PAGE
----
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Pennsylvania House of Representatives
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House Speaker Biographies


 

Matthew J. Ryan

Born: April 27, 1932, Philadelphia, Philadelphia County, PA.  Died: March 29, 2003, Philadelphia, Philadelphia County, PA.  Member of the House: Delaware County, 1963-1966, and the 168th Legislative District, representing part of Delaware County, 1967-March 29, 2003.  Affiliation: Republican.

Matthew Ryan graduated from St. Joseph’s Preparatory School in 1950 and from Villanova University with a Bachelor of Science degree in Business in 1954.  He joined the United States Marine Corps in 1954 and served as a first lieutenant until 1956.  Ryan graduated from Villanova University School of Law with a Juris Doctor degree in 1959.  After graduating, Ryan practiced law in Media, Delaware County, and taught Business Law at Villanova University.  In November of 1962, Ryan was elected to the Pennsylvania House of Representatives and was re-elected for 20 more successive terms. 

Ryan was well known as an advocate for welfare reform and tax relief.  He sponsored legislation, Act 34 of 1979, which exempted the proceeds obtained by estates of Vietnam conflict veterans for the Inheritance and Estate Tax Act of 1961.  In 1983, Ryan was the prime sponsor of a bill that reformed income tax, Act 29 of 1983, or the Public Utility Realty Tax Act, and changed taxes from 5 cents to 6 percent for cigarettes. 

During his House tenure, he served 33 years in various leadership positions.  He was elected Republican Policy chairman for 1971-1972, Republican Whip from 1973-1978, and Republican Leader in 1979-1980 and again from 1983-1994.  On January 6, 1981, Ryan was elected the 132nd Speaker of the Pennsylvania House of Representatives for the 1981-1982 session.  He was elected to the Office of the Speaker 5 more times from 1995-2003.

He was well known for his support of the restoration and preservation of the State Capitol Building.  As Speaker, Ryan cosponsored the legislation, which became Act 327 of 1982, which restored much of the State Capitol Building.  To complete this as a bipartisan effort, Ryan worked with former Speaker K. Leroy Irvis.  The two former Speakers have buildings named after them; the Capitol Annex is the Matthew J. Ryan Office Building, and the South Office Building is the K. Leroy Irvis Office Building.  The State Capitol Building is now completely restored to its 1906 appearance.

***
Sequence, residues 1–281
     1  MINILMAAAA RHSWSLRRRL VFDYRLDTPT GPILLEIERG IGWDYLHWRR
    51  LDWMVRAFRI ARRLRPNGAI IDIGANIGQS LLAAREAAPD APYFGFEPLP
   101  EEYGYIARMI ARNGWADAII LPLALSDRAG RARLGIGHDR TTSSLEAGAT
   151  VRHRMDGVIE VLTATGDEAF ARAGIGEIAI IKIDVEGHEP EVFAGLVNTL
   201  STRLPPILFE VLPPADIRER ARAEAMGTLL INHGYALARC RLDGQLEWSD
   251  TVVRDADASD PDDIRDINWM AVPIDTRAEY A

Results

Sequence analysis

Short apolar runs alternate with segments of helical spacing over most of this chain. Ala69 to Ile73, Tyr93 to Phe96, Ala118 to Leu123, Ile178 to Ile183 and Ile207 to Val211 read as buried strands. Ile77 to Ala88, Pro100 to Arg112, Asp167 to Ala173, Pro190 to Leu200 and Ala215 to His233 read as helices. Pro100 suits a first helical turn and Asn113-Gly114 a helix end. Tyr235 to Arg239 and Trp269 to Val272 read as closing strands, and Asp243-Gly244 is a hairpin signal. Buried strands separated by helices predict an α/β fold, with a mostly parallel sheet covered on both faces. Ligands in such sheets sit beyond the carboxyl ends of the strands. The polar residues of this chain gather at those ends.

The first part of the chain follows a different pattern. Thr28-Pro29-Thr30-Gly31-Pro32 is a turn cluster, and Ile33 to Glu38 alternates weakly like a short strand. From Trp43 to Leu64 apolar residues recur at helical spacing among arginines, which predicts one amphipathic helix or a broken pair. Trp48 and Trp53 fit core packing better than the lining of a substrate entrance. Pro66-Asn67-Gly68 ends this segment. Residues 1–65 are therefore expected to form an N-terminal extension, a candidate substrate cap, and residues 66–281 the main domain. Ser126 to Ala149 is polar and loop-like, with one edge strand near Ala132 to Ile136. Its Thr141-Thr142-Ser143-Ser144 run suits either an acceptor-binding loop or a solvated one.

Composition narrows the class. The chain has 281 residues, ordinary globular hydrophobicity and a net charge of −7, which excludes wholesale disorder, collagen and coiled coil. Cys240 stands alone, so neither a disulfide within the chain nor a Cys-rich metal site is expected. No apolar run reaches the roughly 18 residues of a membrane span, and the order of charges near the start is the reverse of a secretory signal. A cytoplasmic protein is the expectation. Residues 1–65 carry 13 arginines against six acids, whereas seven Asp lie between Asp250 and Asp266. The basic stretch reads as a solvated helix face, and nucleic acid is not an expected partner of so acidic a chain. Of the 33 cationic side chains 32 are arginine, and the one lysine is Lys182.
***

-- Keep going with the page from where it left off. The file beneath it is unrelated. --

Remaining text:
Ryan was Speaker for 3 different Special Sessions of the House: Special Session No. 1 in 1995-1996 regarding crime; Special Session No. 2 in 1995-1996 regarding the blizzard of 1996, and Special Session No. 1 in 2001-2002 regarding property tax.  In 2001, Ryan was the prime sponsor of House Resolution 362 and co-sponsor of House Resolution 291, two simple resolutions in the House to express condolences and support to those affected by the terrorist attacks on September 11, 2001.

On March 29, 2003, Ryan passed away while in office.  He is interred at Calvary Cemetery in West Conshohocken, Montgomery County, Pennsylvania. He was the first elected official to lie in state since President Abraham Lincoln in 1865.  Today, a number of organizations named programs or buildings in his honor.  The Matthew J. Ryan Center for the Study of Free Institutions and the Public Good is a program in the Political Science Department at Villanova University, Ryan’s alma mater.  The Matthew J. Ryan Veterinary Hospital at the University of Pennsylvania School of Veterinary Medicine is also named after the former Speaker, the first time a building on the University of Pennsylvania’s campus has been named for a state politician since Benjamin Franklin.  

Ryan was married to Delaware County Common Pleas Judge Patricia H. Jenkins, and together they had 5 children and 12 grandchildren.


Historical Member Biography

To view this Speaker's House Historical Biography, click here.